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Tuesday, June 13, 2017

Design Discussions with Melissa Manlove, Senior Editor at Chronicle Books

Hi Guessers,

Melissa Manlove, Senior Editor at Chronicle Books.
Photo courtesy of Melissa Manlove
Amy here. I’m super excited to bring you the first in our new Design Discussions monthly (ish) series that looks into the editorial process of creating beginning readers. The more I’ve delved into beginning readers, the more I’ve realized that design choices can make a big difference for emerging readers. We were curious to know, how do editors approach design? What elements do they prioritize? How does design impact content and vice versa? 


For the first post in this series, I had the pleasure of interview Melissa Manlove, Senior Editor at Chronicle Books. We talked about beginning readers in general, but also two new beginning reader series, Charlie and Mouse and Barkus. Melissa editd Charlie and Mouse, while her colleague Victoria Rock edited Barkus.


I asked Melissa about any design standards created specifically for beginning readers. Charlie and Mouse and Barkus mark Chronicle’s first foray into beginning readers, so they haven’t developed any hard and fast rules. However, best practices were discussed quite a bit, especially the need for “a larger than average type size, choosing typefaces that would feel familiar to readers at this level, not letting the art encroach on the text or letting a background color change behind any individual paragraph / bundle of type.”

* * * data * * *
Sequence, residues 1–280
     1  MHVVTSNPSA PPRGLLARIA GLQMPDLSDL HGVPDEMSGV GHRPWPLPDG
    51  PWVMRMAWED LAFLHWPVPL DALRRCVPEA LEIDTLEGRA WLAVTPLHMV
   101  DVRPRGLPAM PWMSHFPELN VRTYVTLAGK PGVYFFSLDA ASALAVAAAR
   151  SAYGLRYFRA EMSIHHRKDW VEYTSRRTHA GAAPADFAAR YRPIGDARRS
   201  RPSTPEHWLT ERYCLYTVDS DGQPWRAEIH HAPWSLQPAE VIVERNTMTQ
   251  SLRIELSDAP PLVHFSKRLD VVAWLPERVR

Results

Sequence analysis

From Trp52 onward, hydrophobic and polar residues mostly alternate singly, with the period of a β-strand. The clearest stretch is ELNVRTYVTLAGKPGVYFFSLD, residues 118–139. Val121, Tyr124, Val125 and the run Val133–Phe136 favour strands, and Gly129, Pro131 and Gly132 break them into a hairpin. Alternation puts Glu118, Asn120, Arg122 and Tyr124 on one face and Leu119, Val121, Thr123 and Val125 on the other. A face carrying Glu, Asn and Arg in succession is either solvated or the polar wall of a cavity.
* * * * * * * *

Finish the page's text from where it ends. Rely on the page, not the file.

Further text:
I’ve also been wondering recently what kind of guidelines editors give their authors and illustrators. Melissa said they definitely discuss the above elements with their creators, but that neither of their 2017 beginning reader titles are meant to be “leveled” readers, so there was less concern for strict counts of sight words, words per line or sentence. However, there was much thought put into the introduction of more challenging vocabulary and syntax, the amount and placement of text, where art was needed to support the reader, and how all of these things would affect the pace of the reader. Editors and authors wanted to “make books that would challenge readers gently and delight them—books that wouldn’t slow a reader down in confusion but that might still encourage them to linger over a joke or an illustration.”


At Chronicle, design conversations start in-house very early in the process. Melissa told me that “by the time we have the final text and art, we’ve also settled on a draft of the final design. At this point we create what we call “galleys”—layouts of the text, typeface, and art as they might occur in the final book—and we send those layouts to the artist and the author for comments, questions, and disagreement (if there is any). Every book is a team effort.”